Is Indonesia inching toward justice?
Richard Bennett, Hong Kong | Opinion |
As far as Indonesia has come on human rights since the repressive Soeharto years, the authorities have stubbornly refused to deal with crimes of the past.
Across Indonesia, hundreds of thousands — if not more than a million — victims and their loved ones are denied truth, justice and reparations and still carry open wounds from the country’s bloody past.
The 1965 killings, the brutal decades-long Aceh conflict, the 1999 Timor-Leste independence struggle — the list of violence is long, but all too often those who suffered the worst have been left to fend for themselves, while perpetrators of human rights violations continue to walk free and in some cases hold positions of power.
Amnesty International and many other human rights organizations have for decades been campaigning for victims to get the truth, justice and reparation they are entitled to under international law, but it remains an uphill struggle.
Successive Indonesian governments have clearly lacked the political will to tackle the issue of crimes of the past, and victims face insurmountable obstacles in seeking access to justice before the courts.
Instead, a chilling culture of silence has prevailed, where even discussing these issues poses tangible risks.
There has been some incremental progress. In December 2013, for example, the Aceh legislative council passed the Aceh Truth and Reconciliation bylaw that calls for the establishment of a truth commission, which offered a glimmer of hope for victims and their family members. However, it has yet to be established.
On the national stage, the central government has failed to enact a new national truth commission law after it was struck down by the Constitutional Court in 2006.
There has yet to be a comprehensive reparation program specifically aimed at addressing the harm suffered by victims and families of human rights violations over the last decades.
Last year, President Joko “Jokowi” Widodo took office on the back of lofty promises to make human rights a priority — including providing justice for gross human rights violations in the past.
The past few weeks have finally seen some action to back up those words.
On May 21, the attorney general (AG) announced that the government will establish a non-judicial mechanism to resolve past human rights violations through “a reconciliation committee”.
Disappointingly, the AG stated that criminal investigations and prosecutions could not proceed in these cases due to a lack of evidence. The reconciliation committee would consist of related government institutions, civil society groups and families of the victims.
The committee will look into seven “gross violations of human rights” cases in particular — the 1989 Talangsari massacre, the enforced disappearance of anti-Soeharto activists in 1997-1998, the Trisakti University shootings, the Semanggi I and II shootings in 1998 and 1999, the mysterious killings of alleged criminals in the 1980s, the communist purge of 1965-1966 and abuses in Wasior in 2001 and Wamena in 2003, both in Papua.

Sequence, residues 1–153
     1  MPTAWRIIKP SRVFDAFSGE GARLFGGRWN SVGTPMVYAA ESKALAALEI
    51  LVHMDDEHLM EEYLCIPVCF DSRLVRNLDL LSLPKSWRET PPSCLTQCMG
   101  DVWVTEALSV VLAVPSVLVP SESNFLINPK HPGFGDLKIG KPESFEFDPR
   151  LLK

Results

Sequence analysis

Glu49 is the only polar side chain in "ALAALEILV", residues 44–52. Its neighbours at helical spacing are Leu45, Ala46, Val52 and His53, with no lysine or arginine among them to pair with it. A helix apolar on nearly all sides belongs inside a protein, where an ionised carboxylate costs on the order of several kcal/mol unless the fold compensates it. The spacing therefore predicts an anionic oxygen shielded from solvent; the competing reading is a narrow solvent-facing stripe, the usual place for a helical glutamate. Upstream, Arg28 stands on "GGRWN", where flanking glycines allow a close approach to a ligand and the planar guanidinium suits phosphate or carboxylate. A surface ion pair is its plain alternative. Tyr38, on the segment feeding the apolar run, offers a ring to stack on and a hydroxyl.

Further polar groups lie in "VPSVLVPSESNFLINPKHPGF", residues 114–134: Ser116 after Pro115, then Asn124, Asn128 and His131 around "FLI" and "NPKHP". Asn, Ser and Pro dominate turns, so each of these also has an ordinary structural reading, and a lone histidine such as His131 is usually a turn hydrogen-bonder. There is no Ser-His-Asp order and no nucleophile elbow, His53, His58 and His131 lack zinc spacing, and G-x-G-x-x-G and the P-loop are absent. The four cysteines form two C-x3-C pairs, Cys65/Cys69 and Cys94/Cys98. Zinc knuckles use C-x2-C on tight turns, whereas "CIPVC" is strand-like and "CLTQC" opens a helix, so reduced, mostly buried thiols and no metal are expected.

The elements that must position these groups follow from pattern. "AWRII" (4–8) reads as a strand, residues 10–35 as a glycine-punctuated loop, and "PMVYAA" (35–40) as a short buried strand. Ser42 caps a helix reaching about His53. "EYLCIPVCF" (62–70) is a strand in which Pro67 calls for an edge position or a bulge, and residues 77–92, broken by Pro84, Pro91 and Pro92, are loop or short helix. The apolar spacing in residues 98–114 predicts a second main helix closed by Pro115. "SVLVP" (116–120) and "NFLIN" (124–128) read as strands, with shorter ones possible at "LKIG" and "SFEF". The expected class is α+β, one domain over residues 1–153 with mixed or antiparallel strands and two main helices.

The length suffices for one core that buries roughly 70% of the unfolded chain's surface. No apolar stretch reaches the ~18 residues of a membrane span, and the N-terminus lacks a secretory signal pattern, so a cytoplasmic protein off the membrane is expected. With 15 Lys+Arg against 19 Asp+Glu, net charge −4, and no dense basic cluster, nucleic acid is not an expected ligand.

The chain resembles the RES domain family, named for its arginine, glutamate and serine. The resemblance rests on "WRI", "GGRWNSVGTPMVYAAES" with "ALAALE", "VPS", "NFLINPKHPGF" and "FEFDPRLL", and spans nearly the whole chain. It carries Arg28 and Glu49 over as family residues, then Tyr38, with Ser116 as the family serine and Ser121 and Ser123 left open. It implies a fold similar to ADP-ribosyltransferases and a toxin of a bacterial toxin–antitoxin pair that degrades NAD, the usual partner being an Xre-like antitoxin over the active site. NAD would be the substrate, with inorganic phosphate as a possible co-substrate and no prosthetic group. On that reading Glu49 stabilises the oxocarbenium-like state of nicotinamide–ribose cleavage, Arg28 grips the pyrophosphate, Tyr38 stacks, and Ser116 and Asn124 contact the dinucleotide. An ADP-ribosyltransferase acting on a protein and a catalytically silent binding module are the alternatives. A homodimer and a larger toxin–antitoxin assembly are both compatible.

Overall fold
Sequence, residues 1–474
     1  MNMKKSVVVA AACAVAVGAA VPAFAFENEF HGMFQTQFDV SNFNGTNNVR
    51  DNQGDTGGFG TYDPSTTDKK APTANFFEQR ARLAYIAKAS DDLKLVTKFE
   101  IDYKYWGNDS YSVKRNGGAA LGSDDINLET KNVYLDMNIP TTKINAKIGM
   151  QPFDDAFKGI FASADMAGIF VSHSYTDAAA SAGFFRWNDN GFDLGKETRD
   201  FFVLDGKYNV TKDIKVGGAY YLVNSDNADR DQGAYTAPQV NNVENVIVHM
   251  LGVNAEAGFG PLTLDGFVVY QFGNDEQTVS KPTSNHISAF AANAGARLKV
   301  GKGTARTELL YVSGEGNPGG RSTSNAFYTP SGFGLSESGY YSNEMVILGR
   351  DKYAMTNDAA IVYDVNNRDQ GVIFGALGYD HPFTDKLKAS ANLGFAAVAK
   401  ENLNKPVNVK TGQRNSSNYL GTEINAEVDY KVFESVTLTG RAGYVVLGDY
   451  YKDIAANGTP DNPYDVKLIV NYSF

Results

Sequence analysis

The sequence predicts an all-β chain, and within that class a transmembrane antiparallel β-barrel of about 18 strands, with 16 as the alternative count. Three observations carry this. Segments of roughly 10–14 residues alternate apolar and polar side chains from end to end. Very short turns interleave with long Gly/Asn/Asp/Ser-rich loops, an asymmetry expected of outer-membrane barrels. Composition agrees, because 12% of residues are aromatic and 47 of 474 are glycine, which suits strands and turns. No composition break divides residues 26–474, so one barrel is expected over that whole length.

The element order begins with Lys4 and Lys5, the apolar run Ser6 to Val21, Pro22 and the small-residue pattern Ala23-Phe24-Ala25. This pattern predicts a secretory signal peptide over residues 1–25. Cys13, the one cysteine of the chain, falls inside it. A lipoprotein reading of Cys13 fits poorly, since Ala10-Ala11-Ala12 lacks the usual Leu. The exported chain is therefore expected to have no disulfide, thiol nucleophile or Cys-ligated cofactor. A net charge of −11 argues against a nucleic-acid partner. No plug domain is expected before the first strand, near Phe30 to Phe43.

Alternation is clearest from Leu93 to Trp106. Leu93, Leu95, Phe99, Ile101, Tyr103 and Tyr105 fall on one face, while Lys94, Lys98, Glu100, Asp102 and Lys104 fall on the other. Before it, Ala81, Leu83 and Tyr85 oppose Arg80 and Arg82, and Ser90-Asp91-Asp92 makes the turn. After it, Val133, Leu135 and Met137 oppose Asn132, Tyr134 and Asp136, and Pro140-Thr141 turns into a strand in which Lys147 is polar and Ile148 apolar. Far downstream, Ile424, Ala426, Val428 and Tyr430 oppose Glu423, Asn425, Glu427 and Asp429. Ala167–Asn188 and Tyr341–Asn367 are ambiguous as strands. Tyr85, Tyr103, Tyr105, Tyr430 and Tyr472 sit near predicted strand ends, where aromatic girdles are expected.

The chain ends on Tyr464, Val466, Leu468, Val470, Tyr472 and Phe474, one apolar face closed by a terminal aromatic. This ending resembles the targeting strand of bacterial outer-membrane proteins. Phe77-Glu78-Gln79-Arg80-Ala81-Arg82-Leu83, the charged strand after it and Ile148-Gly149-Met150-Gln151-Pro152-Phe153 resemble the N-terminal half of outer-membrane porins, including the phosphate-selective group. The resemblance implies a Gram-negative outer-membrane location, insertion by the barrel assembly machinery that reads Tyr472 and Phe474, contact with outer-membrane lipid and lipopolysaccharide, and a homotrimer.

Following decades of impunity, the proposed reconciliation committee is potentially a small, positive first step that demonstrates some intent on behalf of the Jokowi administration to finally tackle this issue.
However, is Indonesia really inching toward justice?
The answer is that it is too early to tell. There are still many unanswered questions: What exactly will the Committee do? Will it establish the truth about these crimes? Will it recommend reparation for victims? Will it be truly independent and fully transparent in its work? Will it have sufficient powers to summon witnesses and evidence? Will it protect witnesses? Will its findings feed into on-going criminal investigations or will there be a political effort to grant amnesties that will only further entrench the impunity it purports to address?
As the answers to these questions and others emerge in the coming weeks or months, we will see whether the government is genuinely committed to taking some steps towards justice, truth and reparation or whether the process is simply political window dressing.
At the same time, sight should not be lost of the thousands of other unresolved cases that cannot move forward due to systemic flaws in the justice system and the failure of the parliament to adopt a new law providing for an effective national truth commission.
Much broader efforts are required. These include revising the military tribunal law to ensure that military personnel suspected of committing serious human rights violations can be brought before civilian courts, revising the flawed human rights court system so that they are accessible by all victims of serious human rights violations and ensuring that such violations, including torture, enforced disappearances and extrajudicial executions, are included as offenses in the revised Criminal Code.
Healing the wounds of Indonesia’s past violence is not something that will be achieved overnight.
The government may at last be taking an important step in the right direction — we hope so and that it will be followed by the huge strides that are much needed.